We have many dice but each one is a die -> die1 and die2.

Comments that just restate the obvious code can be omitted
e.g.

/**
* Declare variables and store dice max roll in Thousand
*/

// create new instance of random 

// If statement to check if values are the same or not

Coding

We are working with 6 sided dice so we only need 6 entries in the array to store the double counts not 7 - it is more standard to adjust the index when outputting (e.g., add 1) than to make the arrays larger and use then as 1 based arrays..

We can easily store the number of sides in a variable (constant) to make consistency easier - a named value instead of a literal 6 in multiple places - and even allow us to use this for dice with other numbers of sides if we desired.

We can put the 'roll' functionality into a function so that to reduce duplication and allow us to change the implementation if desired (say for testing)

We check if dice1 == dice2 but then in the loop check if both dice1 == i && dice2 == i - if dice1 == dice2 then the second check can never fail.

If we index into the array, we don't need the loop

if (die1==die2){
    doubleCounts[die1-1]++;
}

If have sized the array to the number of elements then we should loop from 0 not 1 (and single character variable names, even for loops, are generally frowned upon)

System.out.format is a nicer way - simpler to use than the concatenation - for writing the output line

import java.util.*;

public class DiceSimulation {

    private static Random rollDice = new Random();

    public static void main(String[] args) {

        final int ROLLCOUNT = 10000;
        final int SIDES = 6;
        int counter, die1, die2;

        //an array with elements to keep count
        int [] doubleCounts = new int [SIDES];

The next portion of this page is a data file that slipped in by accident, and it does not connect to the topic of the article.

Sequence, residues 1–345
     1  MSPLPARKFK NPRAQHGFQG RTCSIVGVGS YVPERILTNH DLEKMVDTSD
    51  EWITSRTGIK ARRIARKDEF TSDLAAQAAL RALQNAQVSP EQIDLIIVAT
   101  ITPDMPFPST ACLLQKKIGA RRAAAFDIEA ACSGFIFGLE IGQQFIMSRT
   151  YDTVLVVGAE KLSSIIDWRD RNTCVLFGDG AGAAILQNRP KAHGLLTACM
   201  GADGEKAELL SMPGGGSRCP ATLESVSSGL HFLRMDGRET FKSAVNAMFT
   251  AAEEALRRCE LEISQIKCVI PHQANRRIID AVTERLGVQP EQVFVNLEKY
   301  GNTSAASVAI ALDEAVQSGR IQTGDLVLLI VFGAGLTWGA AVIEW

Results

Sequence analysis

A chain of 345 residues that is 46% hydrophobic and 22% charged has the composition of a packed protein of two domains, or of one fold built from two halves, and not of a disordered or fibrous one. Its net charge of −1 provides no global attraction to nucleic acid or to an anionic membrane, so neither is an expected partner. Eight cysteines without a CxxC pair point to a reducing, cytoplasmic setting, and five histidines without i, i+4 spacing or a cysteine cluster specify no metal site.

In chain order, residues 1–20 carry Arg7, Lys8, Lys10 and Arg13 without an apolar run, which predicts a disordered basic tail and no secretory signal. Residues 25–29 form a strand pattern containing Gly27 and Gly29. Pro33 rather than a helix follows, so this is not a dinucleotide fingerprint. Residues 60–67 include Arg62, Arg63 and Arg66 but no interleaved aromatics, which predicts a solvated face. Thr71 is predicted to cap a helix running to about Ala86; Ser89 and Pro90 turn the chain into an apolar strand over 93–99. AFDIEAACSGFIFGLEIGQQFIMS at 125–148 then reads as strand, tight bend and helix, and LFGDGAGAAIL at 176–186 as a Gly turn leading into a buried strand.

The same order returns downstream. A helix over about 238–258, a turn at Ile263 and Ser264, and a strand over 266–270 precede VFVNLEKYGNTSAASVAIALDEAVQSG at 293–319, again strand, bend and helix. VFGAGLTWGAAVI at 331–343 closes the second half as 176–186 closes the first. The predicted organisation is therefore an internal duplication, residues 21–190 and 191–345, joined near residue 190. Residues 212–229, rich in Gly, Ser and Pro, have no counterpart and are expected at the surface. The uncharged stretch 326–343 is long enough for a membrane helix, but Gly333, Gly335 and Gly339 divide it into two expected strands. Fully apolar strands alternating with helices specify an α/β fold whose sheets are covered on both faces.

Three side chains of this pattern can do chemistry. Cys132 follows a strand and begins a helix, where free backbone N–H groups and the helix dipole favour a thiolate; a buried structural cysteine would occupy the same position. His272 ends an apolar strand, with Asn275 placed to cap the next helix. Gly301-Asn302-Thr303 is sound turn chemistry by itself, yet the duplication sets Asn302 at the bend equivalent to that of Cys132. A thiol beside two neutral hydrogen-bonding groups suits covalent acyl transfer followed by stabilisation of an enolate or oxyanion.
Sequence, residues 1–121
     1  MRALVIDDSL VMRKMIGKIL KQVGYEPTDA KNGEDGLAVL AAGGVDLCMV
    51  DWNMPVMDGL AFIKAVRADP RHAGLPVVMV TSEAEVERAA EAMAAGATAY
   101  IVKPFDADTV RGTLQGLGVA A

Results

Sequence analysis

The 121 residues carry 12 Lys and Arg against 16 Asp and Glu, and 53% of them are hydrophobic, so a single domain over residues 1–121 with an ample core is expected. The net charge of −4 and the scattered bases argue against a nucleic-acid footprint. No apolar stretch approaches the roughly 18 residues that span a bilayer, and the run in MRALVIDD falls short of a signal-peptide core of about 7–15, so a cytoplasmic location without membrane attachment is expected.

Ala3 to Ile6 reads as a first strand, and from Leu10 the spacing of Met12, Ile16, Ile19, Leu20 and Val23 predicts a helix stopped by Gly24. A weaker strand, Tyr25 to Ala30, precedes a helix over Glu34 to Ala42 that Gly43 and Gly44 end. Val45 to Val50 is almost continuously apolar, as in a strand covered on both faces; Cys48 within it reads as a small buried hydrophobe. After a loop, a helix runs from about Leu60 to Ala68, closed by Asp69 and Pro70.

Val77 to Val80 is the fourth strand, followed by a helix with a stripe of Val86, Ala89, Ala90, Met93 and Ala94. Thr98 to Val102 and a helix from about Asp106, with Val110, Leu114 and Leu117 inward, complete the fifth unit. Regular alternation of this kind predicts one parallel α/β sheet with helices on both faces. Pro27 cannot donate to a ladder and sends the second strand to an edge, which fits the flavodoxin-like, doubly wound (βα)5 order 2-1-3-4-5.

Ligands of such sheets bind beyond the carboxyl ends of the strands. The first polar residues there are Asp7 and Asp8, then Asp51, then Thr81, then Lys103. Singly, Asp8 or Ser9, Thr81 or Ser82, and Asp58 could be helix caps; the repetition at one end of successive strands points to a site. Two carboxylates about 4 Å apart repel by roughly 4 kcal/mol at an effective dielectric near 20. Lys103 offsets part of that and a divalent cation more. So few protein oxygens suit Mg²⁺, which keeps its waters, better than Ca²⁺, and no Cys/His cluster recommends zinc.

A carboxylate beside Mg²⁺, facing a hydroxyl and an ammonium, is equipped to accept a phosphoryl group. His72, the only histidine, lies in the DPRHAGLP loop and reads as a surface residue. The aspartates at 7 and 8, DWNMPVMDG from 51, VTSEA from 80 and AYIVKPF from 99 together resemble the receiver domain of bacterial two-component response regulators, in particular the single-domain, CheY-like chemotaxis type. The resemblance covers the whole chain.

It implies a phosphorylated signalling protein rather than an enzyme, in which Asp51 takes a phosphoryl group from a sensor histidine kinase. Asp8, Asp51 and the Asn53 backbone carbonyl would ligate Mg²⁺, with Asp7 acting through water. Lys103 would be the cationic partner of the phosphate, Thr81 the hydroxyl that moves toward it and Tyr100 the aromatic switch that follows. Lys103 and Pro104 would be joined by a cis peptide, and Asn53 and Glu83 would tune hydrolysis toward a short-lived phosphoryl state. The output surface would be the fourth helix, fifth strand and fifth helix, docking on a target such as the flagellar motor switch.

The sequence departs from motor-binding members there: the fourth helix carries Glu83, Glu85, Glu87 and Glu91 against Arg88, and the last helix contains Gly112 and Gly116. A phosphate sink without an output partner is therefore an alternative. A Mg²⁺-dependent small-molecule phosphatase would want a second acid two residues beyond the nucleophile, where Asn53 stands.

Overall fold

// display welcome message. no other purpose but trial
        welcome ();

        /**
         * Set counter to start from 1 and go till desired constant number
         * Rolling two separate dices and storing values in dice1 & dice 2       respectively
         */
        for (counter=1; counter<=ROLLCOUNT;counter++){

            die1=roll(SIDES);
            die2=roll(SIDES);

            if (die1==die2){
                doubleCounts[die1-1]++;
            }

        }

        // Display results totals of paired rolls 
        for (int idx=0; idx<doubleCounts.length; idx++){
            System.out.format(" You rolled set of %d %d times\n",(idx+1), doubleCounts[idx]);
        }
    }
    private static int roll(int sides){
        return rollDice.nextInt(sides) +  1;
    }
    public static void welcome () {
        System.out.println("welcome to dice world!");
    }
}
\$\endgroup\$
  • \$\begingroup\$ You got my vote at THOUSAND \$\endgroup\$ – Heslacher Jun 23 '16 at 8:28

Your Answer

By clicking “Post Your Answer”, you agree to our terms of service, privacy policy and cookie policy

Not the answer you're looking for? Browse other questions tagged or ask your own question.